Canister 30 which is removably and dependently connected to the cap 22 contains a plant fertilizer 32 such as a potassium nitrate and phosphate. The canister 30 is provided with apertures 34 at its bottom end which communicate with the compartment 12 when the canister is assembled as shown.
The bottom compartment 14 is conventionally apertured at 36 and contains iron bars 38 which provide a source of iron rust being recognized as a salubrious food for plant life. It also serves together with the top compartment to supply oxygen to the soil in which the plant roots grow.
In use, the fertilizing device is driven into the ground, the top compartment 12 is filled with water just below apertures 18 and the cap 22 is thereafter screwed onto the compartment 12 whereby the chemical containing canister 30 is assembled in place. As the ground is then watered, the water will flow into both compartments 12 and 14 through apertures 20, 26 and 36 respectively. As the water level rises in compartment 12 above the apertures 18, the water will flow out through the passageway 28 and the orifice 28a carrying with it a measured amount of fertilizer from the top compartment 12 and a small amount of ferric oxide from the bottom compartment 14 after oxidation of the bars 38 has occurred.
In the second embodiment of the invention as shown in FIG. 3, apertured conical member 40 is composed of a top compartment 42 and a bottom compartment 44. A container 46 fabricated of porous paper or woven cloth and containing a chemical fertilizer is disposed in the top compartment. Sleeve 48 having a single row of apertures 50 is disposed about the compartment 42 and is used to control the amount of ground water entering the compartment 42 for washing out the fertilizer through apertures 52 in the member 40 and out through annular passageway 54 and annular orifice 56 provided between the sleeve 48 and the member 40 and into the ground for feeding plant roots. A cap 58 which is screwed onto the sleeve 48 and is integral therewith serves to turn the sleeve relative to the member 40 to effect the desired fertilizer control by partially aligning the apertures 50 and 52 to a predetermined extent. The bottom compartment 44 may be employed for ground aeration. I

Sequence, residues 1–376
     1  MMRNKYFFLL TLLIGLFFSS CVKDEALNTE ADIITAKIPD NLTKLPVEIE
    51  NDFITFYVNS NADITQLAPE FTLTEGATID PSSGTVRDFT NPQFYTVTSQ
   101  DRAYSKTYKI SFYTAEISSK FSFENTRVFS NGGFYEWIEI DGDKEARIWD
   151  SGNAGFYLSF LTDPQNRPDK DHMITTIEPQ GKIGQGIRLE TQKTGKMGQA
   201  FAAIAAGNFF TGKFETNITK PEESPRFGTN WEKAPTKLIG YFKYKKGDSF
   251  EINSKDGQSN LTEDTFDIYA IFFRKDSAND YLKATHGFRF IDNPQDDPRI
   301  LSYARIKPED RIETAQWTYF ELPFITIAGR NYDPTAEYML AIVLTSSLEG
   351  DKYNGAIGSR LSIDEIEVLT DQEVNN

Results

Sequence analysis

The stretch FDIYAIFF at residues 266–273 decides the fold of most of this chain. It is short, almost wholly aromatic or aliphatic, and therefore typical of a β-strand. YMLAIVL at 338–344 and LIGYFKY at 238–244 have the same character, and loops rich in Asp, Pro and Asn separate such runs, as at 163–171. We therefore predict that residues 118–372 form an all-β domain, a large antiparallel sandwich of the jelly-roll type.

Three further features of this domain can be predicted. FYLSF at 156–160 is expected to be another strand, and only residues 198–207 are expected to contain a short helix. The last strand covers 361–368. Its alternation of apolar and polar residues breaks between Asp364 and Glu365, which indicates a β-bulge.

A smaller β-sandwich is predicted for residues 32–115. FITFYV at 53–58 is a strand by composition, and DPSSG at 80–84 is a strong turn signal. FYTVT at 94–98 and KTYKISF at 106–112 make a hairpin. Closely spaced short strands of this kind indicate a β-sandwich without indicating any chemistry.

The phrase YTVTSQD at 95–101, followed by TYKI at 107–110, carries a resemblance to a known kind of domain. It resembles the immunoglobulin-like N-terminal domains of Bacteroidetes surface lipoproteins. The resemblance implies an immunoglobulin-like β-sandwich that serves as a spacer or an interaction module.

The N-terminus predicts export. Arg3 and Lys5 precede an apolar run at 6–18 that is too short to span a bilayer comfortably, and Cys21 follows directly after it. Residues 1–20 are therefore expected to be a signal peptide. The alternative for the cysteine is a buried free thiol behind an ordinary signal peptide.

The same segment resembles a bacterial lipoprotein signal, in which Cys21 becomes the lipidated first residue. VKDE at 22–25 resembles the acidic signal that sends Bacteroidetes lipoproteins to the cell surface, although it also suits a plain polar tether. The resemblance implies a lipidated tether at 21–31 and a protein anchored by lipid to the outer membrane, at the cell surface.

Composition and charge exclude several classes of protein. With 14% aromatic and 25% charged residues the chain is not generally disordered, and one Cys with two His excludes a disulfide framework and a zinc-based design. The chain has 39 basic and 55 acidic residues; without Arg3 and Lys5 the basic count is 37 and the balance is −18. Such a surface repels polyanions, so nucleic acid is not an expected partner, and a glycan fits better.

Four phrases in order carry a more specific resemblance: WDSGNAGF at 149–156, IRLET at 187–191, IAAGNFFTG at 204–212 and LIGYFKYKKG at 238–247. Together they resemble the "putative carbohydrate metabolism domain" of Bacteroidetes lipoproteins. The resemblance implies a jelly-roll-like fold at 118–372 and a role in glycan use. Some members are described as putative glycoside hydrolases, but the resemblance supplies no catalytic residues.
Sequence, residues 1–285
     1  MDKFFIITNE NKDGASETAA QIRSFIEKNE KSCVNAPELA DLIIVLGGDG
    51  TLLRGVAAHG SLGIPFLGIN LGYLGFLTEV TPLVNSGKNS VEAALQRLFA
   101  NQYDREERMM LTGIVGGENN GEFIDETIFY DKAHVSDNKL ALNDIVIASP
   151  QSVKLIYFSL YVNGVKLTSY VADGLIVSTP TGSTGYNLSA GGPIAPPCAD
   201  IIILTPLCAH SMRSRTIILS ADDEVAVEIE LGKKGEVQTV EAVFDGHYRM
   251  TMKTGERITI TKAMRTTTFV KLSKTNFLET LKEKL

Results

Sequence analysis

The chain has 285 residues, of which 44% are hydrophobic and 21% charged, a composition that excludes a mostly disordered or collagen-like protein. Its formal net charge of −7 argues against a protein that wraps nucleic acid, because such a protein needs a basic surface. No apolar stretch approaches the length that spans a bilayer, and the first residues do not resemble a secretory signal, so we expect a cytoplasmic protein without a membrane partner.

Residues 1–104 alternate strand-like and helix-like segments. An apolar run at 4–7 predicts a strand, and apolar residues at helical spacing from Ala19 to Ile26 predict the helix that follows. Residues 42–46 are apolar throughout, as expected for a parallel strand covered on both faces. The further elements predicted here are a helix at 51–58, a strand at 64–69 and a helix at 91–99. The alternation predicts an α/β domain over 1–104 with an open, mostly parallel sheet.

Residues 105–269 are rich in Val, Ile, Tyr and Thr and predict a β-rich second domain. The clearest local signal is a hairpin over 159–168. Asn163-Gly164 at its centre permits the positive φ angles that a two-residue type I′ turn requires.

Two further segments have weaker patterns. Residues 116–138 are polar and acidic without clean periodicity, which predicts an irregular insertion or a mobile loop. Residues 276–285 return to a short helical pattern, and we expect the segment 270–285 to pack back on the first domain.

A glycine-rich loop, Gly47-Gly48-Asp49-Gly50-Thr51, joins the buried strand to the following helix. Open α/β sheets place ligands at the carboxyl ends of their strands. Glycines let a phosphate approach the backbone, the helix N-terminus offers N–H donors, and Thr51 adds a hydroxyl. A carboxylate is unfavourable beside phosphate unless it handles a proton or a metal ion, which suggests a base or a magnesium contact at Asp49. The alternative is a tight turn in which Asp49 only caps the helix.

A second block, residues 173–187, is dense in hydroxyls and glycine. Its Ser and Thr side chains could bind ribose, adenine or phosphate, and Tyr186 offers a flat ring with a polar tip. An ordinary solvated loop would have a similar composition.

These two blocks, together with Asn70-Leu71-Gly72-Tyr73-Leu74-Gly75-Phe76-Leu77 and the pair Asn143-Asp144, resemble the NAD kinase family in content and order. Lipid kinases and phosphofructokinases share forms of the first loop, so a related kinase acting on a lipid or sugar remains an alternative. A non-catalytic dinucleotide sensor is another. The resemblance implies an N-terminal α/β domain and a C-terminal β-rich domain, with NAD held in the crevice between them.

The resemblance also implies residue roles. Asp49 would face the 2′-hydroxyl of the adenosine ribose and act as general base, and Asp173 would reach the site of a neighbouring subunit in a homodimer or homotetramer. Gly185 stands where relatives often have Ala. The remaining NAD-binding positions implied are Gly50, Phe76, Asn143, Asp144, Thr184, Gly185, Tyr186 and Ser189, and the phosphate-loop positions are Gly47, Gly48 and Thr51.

Various modifications may be effected in the invention without departing from the scope and principle thereof I as defined in the appended claims.
1. A ground fertilizing device comprising a firstcompartment having a continuous side wall and bottom wall integral therewith, a second compartment having a continuous side wall, the upper end of which is secured to said bottom wall,and the lower end of which tapers to a point to facilitate ground insertion of said device, said side walls of said compartments having spaced apertures therein, a cap rotatably secured to the first compartment side wall,- said first compartment side wall, bottom wall and cap enclosing means for holding fertilizer, said cap having an apertured sleeve depending therefrom and surrounding said firstcompartment, said sleeve and side wall apertures being registrable upon rotation of said cap.
2. A device as in claim 1, wherein said fertilizer holding means is a container secured to the inner face of said cap.
3. A device as in claim 1, wherein said container is a water impermeable canister having apertures in the lower portion thereof. 1
4. A device as in claim 1, wherein said container is fabricated of a water permeable material.
5. A device as in claim 1, wherein said first compartment is generally cylindrical and said second compartment is conical.
6. A device as in claim 1, wherein 'said device is conical.
7. A device as in claim 1, wherein said fertilizer hold- 7 posed to soil air and moisture, will yield ferric oxide.